Agonistic behavior of heteromyid rodents has been studied using staged encounters in the laboratory, but there have been no previous attempts to test for a linear dominance hierarchy among individuals of the same species. Dominance hierarchies are important in learning about sociality, priority of access to resources and consequences for individual variation in fitness. We used standard laboratory methods to assess agonistic behavior of Merriam's kangaroo rats, Dipodomys merriami. Males exhibited a dominance hierarchy that was strongly linear. Dominance rank was not correlated with body mass, but dominant males lost greater percentages of their body mass during trials than did subordinate males. Males dominated females and females showed little agonistic behavior in intrasexual trials. The linear dominance hierarchy among males may have reflected individual variation in aggressive tendencies, but dominance rank was not correlated with individual variation in total amounts stored or proportions of seeds larderhoarded in food-hoarding trials. Different patterns of individual variation in males and females are promising topics for future research.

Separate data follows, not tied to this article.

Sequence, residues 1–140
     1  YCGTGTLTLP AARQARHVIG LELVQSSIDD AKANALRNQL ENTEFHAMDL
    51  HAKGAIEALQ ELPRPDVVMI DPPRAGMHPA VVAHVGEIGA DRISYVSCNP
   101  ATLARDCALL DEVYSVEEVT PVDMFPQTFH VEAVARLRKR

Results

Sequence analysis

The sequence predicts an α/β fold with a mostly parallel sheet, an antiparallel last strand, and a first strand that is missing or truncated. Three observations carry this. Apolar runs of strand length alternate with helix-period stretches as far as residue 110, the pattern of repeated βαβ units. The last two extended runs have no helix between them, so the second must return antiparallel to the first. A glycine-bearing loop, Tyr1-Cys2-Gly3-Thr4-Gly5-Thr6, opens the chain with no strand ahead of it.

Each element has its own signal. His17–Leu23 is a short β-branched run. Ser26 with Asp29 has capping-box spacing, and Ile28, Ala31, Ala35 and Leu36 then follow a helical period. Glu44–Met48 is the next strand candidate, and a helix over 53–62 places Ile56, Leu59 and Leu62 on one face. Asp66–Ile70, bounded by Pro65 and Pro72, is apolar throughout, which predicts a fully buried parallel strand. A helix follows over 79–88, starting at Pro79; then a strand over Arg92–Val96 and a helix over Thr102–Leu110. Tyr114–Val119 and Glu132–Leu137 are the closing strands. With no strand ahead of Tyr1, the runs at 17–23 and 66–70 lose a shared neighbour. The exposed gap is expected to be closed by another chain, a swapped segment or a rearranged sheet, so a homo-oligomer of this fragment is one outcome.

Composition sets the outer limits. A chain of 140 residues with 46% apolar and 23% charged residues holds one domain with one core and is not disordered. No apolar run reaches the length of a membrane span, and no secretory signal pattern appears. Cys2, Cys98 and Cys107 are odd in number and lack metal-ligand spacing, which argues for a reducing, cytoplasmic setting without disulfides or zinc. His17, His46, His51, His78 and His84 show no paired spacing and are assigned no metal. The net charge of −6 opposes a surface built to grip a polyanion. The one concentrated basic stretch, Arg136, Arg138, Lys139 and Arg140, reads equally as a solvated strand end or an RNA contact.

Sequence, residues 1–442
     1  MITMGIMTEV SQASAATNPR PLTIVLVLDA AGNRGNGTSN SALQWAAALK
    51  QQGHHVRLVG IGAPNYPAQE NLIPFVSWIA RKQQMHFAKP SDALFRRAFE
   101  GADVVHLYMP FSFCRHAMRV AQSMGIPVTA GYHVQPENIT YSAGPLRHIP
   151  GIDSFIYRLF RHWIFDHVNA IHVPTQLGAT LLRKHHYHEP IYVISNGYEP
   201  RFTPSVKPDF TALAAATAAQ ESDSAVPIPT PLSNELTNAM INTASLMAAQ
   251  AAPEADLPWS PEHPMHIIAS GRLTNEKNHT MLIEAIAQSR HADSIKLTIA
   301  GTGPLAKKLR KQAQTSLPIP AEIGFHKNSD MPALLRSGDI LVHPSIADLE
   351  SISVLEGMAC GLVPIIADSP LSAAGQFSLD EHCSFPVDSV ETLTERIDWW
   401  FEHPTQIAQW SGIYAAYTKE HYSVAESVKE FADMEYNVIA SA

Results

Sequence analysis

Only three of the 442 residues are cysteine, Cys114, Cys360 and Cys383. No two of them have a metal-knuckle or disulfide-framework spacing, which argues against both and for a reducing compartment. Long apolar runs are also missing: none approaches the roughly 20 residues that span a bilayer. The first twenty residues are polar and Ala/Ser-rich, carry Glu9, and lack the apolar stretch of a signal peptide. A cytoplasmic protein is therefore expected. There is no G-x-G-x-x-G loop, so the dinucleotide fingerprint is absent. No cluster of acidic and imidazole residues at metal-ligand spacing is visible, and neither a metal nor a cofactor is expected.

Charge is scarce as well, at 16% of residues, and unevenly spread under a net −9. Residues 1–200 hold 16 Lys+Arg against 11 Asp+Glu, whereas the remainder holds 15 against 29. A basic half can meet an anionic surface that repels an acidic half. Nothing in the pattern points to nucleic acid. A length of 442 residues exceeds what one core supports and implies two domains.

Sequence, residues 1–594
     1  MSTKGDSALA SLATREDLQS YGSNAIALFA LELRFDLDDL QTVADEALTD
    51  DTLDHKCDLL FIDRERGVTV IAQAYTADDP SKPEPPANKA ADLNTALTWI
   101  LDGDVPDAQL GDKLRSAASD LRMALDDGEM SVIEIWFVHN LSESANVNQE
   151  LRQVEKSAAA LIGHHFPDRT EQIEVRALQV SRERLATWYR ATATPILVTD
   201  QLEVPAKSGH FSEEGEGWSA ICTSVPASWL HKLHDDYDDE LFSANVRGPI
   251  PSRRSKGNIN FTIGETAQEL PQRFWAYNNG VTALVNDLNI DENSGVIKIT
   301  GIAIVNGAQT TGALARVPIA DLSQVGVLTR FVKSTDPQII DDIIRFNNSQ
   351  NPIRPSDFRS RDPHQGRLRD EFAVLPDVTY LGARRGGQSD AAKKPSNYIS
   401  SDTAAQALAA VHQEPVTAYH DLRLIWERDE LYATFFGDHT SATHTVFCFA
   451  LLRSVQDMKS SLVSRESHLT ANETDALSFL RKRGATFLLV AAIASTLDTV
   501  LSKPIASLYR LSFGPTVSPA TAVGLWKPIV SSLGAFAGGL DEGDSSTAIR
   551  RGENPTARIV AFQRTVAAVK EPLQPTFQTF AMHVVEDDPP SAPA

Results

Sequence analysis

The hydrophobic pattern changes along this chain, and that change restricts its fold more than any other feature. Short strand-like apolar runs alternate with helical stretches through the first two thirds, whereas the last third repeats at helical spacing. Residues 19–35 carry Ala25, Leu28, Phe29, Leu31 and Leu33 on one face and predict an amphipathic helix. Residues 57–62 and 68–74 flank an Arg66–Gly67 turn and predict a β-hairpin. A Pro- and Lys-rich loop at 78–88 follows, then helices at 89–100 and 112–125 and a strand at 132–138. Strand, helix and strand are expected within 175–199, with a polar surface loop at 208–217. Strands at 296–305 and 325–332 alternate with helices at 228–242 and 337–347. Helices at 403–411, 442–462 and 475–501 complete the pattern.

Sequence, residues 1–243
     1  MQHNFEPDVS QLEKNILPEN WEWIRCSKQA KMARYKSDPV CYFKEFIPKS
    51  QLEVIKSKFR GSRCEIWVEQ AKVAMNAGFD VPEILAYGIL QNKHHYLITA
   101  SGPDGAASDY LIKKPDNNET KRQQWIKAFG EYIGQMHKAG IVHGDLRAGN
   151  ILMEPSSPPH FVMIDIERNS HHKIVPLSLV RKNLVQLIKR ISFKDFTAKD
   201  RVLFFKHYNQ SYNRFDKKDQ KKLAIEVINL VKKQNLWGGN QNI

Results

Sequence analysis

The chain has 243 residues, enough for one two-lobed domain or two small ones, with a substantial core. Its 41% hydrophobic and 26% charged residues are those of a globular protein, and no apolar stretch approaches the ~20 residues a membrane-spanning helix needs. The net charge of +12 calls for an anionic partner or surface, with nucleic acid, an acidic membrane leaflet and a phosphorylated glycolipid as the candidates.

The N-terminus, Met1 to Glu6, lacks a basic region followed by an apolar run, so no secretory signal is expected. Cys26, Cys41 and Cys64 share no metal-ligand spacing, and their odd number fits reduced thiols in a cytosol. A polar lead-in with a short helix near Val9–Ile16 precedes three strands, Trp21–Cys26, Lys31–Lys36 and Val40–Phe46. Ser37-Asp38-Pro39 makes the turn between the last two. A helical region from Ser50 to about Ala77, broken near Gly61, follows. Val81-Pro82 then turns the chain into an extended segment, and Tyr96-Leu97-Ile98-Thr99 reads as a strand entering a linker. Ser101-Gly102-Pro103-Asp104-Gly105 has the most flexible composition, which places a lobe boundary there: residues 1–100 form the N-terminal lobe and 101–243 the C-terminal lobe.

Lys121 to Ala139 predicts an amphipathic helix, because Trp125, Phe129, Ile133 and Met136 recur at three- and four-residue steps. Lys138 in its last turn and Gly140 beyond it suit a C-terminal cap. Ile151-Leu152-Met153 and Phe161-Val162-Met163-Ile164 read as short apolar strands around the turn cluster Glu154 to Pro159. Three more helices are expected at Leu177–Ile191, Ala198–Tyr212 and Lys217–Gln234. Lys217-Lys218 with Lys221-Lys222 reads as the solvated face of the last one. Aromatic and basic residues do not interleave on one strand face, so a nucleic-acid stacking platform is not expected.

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Vol. 143 • No. 2